Can anyone explain why these two examples produce different signals? (macOS 10.14.6, SC 3.11.1)

s.boot;

{SinOsc.ar(220).pow(2) * 0.1!2}.play;

{SinOsc.ar(220).squared * 0.1!2}.play;

I’m vaguely guessing it’s an order-of-operations thing, e.g.

(-1).pow(2);

1.pow(2).neg;

But I don’t understand why pow(2) and squared might cause this discrepancy.

Eli

yikes - result for square is wrong here as well. bug. but where?

edit (whoops I mean pos! brain not working)

Actually, I’m thinking about this a bit more…

In my two sine examples, I’m pretty sure squared is the correct one (all values ≥ 0), and pow is behaving unexpectedly.

I recall diving into exprand awhile back, attempting to figure out why it fails when min/max don’t have the same sign, and the result was that the source code implementation would involve raising a negative number to a non-integer power, which is undefined/nonsensical (I think).

So my guess is that, at some point, pow was defined for UGens in a special way, in order to preserve sign, so that **n** can be smoothly swept from 1 to inf in {SinOsc.ar(220).pow(**n**) * 0.1!2}.play;, without causing weird waveform discontinuities or blowing something up.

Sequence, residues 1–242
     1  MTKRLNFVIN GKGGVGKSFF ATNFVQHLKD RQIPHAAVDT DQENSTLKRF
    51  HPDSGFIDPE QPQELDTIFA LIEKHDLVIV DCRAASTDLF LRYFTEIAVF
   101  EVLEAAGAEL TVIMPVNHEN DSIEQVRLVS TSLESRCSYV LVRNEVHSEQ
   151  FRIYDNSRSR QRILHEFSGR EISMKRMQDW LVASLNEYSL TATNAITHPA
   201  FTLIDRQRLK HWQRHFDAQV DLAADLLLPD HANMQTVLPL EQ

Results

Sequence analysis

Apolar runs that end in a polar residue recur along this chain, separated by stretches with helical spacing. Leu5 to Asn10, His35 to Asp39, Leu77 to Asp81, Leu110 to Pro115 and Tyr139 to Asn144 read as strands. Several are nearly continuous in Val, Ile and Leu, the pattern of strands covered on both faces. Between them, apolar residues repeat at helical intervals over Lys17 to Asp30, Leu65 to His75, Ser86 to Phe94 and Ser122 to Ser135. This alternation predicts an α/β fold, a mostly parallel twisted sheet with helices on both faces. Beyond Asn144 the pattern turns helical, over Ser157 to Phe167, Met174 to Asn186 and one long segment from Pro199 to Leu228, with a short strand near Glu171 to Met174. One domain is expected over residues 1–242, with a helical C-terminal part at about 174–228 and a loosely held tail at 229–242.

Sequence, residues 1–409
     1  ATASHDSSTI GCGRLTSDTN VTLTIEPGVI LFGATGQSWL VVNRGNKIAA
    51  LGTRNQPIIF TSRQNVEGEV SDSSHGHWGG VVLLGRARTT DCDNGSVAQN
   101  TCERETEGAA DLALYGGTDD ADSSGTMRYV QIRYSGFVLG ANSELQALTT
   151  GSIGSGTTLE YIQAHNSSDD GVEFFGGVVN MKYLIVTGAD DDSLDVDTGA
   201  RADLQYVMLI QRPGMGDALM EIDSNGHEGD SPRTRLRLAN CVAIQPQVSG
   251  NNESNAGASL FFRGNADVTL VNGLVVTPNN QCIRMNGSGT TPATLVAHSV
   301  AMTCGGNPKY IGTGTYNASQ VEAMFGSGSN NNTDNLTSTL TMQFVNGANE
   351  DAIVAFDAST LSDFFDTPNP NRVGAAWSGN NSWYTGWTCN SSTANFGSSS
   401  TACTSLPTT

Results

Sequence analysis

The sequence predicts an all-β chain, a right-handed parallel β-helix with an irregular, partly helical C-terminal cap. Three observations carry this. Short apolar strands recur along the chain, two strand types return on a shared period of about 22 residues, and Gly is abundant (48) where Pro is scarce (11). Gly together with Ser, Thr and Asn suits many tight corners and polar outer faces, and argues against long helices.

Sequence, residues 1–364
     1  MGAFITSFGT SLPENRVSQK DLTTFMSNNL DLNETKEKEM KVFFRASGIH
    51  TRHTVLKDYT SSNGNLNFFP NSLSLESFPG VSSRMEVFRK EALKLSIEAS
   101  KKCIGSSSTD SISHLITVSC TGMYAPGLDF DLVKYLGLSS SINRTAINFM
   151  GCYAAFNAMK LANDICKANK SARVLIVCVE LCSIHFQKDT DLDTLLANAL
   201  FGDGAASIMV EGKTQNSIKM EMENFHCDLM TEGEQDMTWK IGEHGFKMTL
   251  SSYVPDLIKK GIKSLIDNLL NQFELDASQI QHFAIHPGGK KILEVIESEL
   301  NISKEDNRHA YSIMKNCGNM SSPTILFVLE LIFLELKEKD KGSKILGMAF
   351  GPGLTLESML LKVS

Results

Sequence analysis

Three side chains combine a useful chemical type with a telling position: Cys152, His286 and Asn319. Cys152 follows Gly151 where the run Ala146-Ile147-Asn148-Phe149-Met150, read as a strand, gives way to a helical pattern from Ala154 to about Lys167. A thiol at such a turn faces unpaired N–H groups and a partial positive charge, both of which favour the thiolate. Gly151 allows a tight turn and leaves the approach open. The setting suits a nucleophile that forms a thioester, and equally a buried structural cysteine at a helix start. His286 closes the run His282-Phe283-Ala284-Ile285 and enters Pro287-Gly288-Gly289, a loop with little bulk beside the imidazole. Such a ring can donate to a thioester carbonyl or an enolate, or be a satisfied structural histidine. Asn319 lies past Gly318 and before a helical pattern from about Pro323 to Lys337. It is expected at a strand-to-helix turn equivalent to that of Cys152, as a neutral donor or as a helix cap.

Can anyone confirm this?

raising a negative number to a non-integer power, which is undefined/nonsensical (I think).

it is defined, but will produce a non-real result. the imaginary number i is defined as (-1)^0.5 for instance. so pow could, for instance, produce a 2 channel signal representing a complex number, but i think in general this is not what most people want from it, even though it would be more mathematically sound, i think.

If a.pow(e) is defined to be sign(a)*(absolutevalue(a).pow(e)) - that just seems bad to me - maybe whats wanted is a seperate “bipolar pow” - .bpow.

common functions shouldn’t produce unexpected values!

I think you can evaluate pow with complex range and subtract the imaginary coefficient from the real one to get current behavior -1^(0.5) -> (0+1i) -> 0-1 -> -1

pow is sign(a) * pow(abs(a), b) as a BinaryOpUGen, it’s documented here: http://doc.sccode.org/Overviews/Operators.html#.pow

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Yes, that clears it up. Thanks!

on the contrary, i dont think most people would find a “correctly defined” pow useful here, whether that would be one returning NaNs or complex numbers. we are always striking a balance between conceptual purity and forgiveness when designing languages like SC. this is a reasonable choice.

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